Fulton Sheen once said there is “too much talk about religion and not enough action.” St. Josemaria Escriva, founder of Opus Dei, would probably agree.

Monsignor Escriva began Opus Dei in 1928 — guided by the Holy Spirit — to help people understand and live lives more fully united with God, as children of God. For Monsignor Escriva, the fruit of living “unity of life” is sanctity and a divinization of the ordinary, in all spheres of human affairs.

The film, “There Be Dragons” starring Charlie Cox (top photo) as St. Josemaria Escriva, is based on the life of the saint, with particular emphasis on the period during the Spanish Civil War (1936-39).

While attending the U.S. Premiere, I had a chance to speak with Charlie Cox, Olga Kurylenko and Wes Bentley about making the movie. Each had their own story of how making this film had helped them to grow as actors and people. The combination of working with Director Roland Joffe and being immersed in the life of Josemaria Escriva had been “transformative.” When asked if making the film had helped him to grow as a person/actor? Charlie Cox said “massively.” Wes Bentley said the film is about “redemption and forgiveness — what I needed in my life.” Olga Kurylenko commented that Roland Joffe brought “passion and love” to the project, adding “you can’t be bad with him.” She said “it’s a smart movie.” They all said they would like to work together again.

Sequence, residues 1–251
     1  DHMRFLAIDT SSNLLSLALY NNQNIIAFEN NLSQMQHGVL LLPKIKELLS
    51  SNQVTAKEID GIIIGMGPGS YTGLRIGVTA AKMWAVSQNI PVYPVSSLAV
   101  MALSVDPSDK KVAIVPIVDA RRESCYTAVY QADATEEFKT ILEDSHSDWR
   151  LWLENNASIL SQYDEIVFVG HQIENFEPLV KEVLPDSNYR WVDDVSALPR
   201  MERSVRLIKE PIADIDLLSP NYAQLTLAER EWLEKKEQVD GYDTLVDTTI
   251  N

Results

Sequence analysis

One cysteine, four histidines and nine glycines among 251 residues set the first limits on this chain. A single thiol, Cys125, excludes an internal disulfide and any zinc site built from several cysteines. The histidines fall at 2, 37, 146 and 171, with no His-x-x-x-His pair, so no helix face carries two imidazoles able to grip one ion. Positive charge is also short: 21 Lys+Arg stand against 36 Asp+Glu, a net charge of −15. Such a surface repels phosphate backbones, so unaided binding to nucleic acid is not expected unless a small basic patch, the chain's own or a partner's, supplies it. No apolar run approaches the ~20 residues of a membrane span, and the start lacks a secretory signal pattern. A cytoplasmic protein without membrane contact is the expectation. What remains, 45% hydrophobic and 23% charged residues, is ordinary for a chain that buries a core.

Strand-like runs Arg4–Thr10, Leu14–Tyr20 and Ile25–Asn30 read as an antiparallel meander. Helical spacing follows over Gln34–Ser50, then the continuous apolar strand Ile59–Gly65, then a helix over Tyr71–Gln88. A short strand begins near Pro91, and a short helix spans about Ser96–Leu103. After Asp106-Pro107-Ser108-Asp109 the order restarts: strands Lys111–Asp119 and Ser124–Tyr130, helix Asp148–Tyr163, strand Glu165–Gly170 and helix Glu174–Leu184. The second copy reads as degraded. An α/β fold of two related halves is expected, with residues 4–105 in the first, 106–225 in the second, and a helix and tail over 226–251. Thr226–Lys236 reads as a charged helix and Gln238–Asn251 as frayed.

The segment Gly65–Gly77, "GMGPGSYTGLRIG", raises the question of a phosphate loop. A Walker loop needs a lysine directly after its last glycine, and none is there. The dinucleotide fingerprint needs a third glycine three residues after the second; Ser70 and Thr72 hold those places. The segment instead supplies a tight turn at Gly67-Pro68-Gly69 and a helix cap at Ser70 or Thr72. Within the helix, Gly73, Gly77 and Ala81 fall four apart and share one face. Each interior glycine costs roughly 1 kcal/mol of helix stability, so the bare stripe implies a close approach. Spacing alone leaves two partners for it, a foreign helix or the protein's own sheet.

“There Be Dragons” offers a rich, even meditative, film experience — especially in the theater.

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